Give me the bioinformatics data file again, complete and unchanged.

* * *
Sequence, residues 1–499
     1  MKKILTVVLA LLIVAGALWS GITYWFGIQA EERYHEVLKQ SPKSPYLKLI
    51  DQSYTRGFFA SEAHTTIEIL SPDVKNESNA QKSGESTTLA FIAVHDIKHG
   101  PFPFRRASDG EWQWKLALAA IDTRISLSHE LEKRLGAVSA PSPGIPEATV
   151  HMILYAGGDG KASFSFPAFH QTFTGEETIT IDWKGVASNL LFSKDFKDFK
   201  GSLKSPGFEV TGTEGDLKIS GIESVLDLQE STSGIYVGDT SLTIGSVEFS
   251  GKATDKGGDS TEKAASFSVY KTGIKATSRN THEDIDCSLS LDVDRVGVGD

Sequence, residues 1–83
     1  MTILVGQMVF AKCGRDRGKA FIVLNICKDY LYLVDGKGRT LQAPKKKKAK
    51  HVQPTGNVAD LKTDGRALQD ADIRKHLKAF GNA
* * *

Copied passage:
Sequence, residues 1–499
     1  MKKILTVVLA LLIVAGALWS GITYWFGIQA EERYHEVLKQ SPKSPYLKLI
    51  DQSYTRGFFA SEAHTTIEIL SPDVKNESNA QKSGESTTLA FIAVHDIKHG
   101  PFPFRRASDG EWQWKLALAA IDTRISLSHE LEKRLGAVSA PSPGIPEATV
   151  HMILYAGGDG KASFSFPAFH QTFTGEETIT IDWKGVASNL LFSKDFKDFK
   201  GSLKSPGFEV TGTEGDLKIS GIESVLDLQE STSGIYVGDT SLTIGSVEFS
   251  GKATDKGGDS TEKAASFSVY KTGIKATSRN THEDIDCSLS LDVDRVGVGD

Sequence, residues 1–83
     1  MTILVGQMVF AKCGRDRGKA FIVLNICKDY LYLVDGKGRT LQAPKKKKAK
    51  HVQPTGNVAD LKTDGRALQD ADIRKHLKAF GNA